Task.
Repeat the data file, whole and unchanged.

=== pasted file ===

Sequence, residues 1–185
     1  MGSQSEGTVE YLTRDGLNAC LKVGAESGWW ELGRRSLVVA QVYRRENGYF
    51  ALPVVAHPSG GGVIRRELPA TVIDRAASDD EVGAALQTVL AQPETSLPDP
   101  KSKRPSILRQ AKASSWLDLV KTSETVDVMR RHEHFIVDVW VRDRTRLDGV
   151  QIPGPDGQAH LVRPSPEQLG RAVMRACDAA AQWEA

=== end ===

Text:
Sequence, residues 1–185
     1  MGSQSEGTVE YLTRDGLNAC LKVGAESGWW ELGRRSLVVA QVYRRENGYF
    51  ALPVVAHPSG GGVIRRELPA TVIDRAASDD EVGAALQTVL AQPETSLPDP
   101  KSKRPSILRQ AKASSWLDLV KTSETVDVMR RHEHFIVDVW VRDRTRLDGV
   151  QIPGPDGQAH LVRPSPEQLG RAVMRACDAA AQWEA